US 4085600 A
A double contact padlock is provided wherein the locking pin thereof replaces the cam and pins of conventional padlocks and further engages both arms of the padlock shackle to form a high strength padlock. The locking pin bridges the shackle arms and axially rotates into and out of engagement therewith. In a preferred embodiment the locking pin rotates into slots in the shackle arms to secure the shackle. The padlock of the invention can be employed to lock structures, equipment and vehicles including cycles.
In another embodiment of the invention a padlock is provided wherein the upper or arch end of the shackles is of greater width and the lower portion of the shackle is narrower in width near the lock housing, to provide a protective shackle arm overhang at the locking spindle end of such lock housing.
Additionally, a bracket is provided which tightens around the fixed column of, e.g. a steering wheel of a vehicle. A padlock shackle fits over a spoke of the wheel and locks to the bracket, restricting turning of the wheel and securing the vehicle or other equipment.
1. A padlock comprising a shackle terminating in a pair of spaced arms, said arms each having a lip thereon proximate the ends thereof, a locking pin of sufficient length, to bridge the shackle arms, said pin having at least one indented portion which rotates about the longitudinal axis of rotation of said pin, said indented portion being positioned to engage both shackle lips upon axial rotation thereof and to swing clear from said shackle arms when further rotated, lock housing means for holding said shackle lips and said indented portion in engaging proximity, means to axially rotate said locking pin into locking engagement with said shackle arms and means to further rotate said locking pin to disengage said indented portion from said shackle arms to release said shackle to permit the opening of said padlock;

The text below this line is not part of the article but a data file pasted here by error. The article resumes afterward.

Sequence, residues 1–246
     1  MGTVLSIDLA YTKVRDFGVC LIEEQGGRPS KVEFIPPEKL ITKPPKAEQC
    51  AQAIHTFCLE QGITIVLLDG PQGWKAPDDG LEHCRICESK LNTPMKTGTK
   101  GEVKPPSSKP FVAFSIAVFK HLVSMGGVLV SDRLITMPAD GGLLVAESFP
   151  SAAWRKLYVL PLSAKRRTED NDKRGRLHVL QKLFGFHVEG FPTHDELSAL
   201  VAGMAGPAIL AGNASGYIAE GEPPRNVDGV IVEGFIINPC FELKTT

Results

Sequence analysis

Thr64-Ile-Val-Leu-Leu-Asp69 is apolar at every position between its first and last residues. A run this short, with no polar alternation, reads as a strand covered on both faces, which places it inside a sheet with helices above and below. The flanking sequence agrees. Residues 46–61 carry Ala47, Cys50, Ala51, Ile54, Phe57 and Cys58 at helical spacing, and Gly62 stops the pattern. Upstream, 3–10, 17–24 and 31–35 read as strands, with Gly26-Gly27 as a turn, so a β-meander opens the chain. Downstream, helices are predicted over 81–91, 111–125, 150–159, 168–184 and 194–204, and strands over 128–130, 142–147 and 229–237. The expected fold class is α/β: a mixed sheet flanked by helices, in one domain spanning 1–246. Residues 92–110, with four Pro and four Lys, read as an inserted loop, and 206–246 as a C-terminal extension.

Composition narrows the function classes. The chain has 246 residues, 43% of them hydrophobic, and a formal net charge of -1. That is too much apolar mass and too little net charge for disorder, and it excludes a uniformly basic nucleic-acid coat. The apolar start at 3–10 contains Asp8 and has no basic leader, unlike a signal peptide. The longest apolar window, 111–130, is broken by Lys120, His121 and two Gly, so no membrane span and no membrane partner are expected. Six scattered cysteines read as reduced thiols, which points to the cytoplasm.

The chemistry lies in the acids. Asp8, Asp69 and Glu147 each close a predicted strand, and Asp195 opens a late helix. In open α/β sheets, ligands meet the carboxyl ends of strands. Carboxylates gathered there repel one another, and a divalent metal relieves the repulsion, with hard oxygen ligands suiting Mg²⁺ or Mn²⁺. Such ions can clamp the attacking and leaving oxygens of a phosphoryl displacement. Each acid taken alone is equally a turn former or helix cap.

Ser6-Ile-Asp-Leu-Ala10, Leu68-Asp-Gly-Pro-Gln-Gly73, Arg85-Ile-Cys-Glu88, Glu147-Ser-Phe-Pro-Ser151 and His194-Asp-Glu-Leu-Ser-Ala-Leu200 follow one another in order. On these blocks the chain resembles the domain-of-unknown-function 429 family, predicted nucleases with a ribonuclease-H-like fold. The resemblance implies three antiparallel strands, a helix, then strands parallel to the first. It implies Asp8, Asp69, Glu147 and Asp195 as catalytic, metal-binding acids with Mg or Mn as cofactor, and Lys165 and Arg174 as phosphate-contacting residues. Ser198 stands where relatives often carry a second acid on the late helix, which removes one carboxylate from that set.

one of said shackle arms extending substantially straight to the end thereof and the other of said shackle arms extending substantially parallel to the first arm part way then bending inwardly toward said first arm then bending again to substantially parallel said first arm proximate said lock housing means to provide a protective shackle arm overhang which prevents direct blows to the lock housing said overhang limited to the axial extent of said lock housing.
This application is continuation-in-part of application Ser. No. 646,477 filed Jan. 5, 1976 and now abandoned.
This invention relates to padlocks, particularly heavy-duty padlocks which apply double locking to the shackles thereof.
Numerous padlocks have been designed over the years to lock many articles for the protection thereof, including structures and vehicles.
Padlocks generally are constructed of six main components; the housing, the shackle, the cam, the pins or balls and the locking mechanism. Many such padlocks have been susceptible to being pried or broken open, with leverage being applied to the most vulnerable and exposed part thereof, the shackle. Though some padlocks feature shackles secured at but one end, the more pry-resistant and more accepted design has been to secure the shackle at both ends within the padlock housing. In a widely used conventional design, the shackle has a pair of opposed grooves proximate the ends of the arms thereof, on facing inside arm portions. A cam, having an oblong shape, is positioned on a lock cylinder within the padlock housing, the cam being transverse to the grooved arm portions of the shackle and being positioned therebetween, such that, upon turning a key placed in the locking cylinder, the longer axis part of the cam is rotated into engagement with the grooved portions of the shackle. To unlock the padlock and release the shackle, the key and locking cylinder are counter-rotated, turning the cam such that its shorter axis lies between the shackle arms while the longer axis part thereof is rotated out of engagement with the grooved portions of the shackle and into a outwardly projecting position normal to the plane of the shackle. The padlock housing accordingly must be relatively thick, particularly through the middle portion thereof, to provide room for the rotation of the oblong cam into the open position.